After debate and consultation, the staff came up with a program called Continued Connections in which three teachers manned a converted recreational vehicle and visited five central locations in the school's service area, once a week. Targeted incoming second-graders could visit the brightly decorated vehicle as often as they wished and were given instruction, encouragement, and books to read. In addition, their parents often attended and could observe the lessons. Nontarget children also could visit the RV and borrow books for SSR.

The students served by the program were 84 percent free-lunch qualified children who came from a largely minority population, including Hispanic and Hmong. Seventy-nine different students visited the RV class (40 from the target population) a total of 576 times.The 48 days of instruction lowered the normal summer setback from 12 weeks to two weeks. Target children received 317 individualized lessons, and 563 books were circulated (311 by target students). Seventy-six percent of the target children improved or maintained their end-of-year scores, as opposed to 59 percent of target students who didn't participate in the program.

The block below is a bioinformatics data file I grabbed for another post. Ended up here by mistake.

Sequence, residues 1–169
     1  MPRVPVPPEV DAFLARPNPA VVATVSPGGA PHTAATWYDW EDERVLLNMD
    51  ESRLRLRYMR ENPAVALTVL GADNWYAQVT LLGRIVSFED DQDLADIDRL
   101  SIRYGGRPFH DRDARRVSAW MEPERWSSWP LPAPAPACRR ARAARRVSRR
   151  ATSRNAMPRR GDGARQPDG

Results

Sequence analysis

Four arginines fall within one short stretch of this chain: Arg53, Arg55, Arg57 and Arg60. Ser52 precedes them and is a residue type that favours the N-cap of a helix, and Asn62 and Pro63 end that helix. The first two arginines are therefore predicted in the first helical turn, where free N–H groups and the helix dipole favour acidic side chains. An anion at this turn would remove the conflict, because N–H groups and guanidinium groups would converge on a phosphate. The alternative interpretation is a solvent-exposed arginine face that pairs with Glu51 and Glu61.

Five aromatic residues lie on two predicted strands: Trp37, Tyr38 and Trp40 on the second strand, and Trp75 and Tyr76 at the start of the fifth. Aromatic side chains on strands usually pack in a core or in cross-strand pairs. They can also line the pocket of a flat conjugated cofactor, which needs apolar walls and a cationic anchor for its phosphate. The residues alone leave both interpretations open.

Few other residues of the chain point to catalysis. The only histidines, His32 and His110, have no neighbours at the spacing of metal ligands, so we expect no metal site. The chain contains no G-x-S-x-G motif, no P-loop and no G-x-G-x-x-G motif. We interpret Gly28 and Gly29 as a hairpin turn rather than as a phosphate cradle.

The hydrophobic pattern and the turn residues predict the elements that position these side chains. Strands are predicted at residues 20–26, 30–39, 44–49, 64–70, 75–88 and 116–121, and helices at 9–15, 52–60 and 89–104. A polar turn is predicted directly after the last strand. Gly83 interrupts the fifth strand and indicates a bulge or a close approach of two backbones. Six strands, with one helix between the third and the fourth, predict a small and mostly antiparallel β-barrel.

The lesson here is an obvious one: If we wish to close the gap between rich and poor in this nation and we know where the gap grows and widens, then it is criminal to ignore it and not do what Green Bay did. It is a program that is easily replicable. The only drawback is that test-makers and textbook publishers won't be making much money off it.

 
— summarized from: "For nine months kids go to school, but in summer this school goes to the kids," by Denise A. Malach and Robert A. Rutter. The Reading Teacher, September, 2003, pp. 50-54.

 

More "summer setback" research

Reading Books Is Found
To Ward Off ‘Summer Slump’

By Debra Viadero
From Education Week, May 5, 2004

Having elementary school pupils read four or five books during the summer can prevent the reading-achievement losses that normally occur over those months, a study suggests. Published last month in the Journal of Education for Students Placed at Risk, the findings are based on surveys and test data on 1,600 students in 18 elementary schools in an unnamed suburban district in the Middle Atlantic region.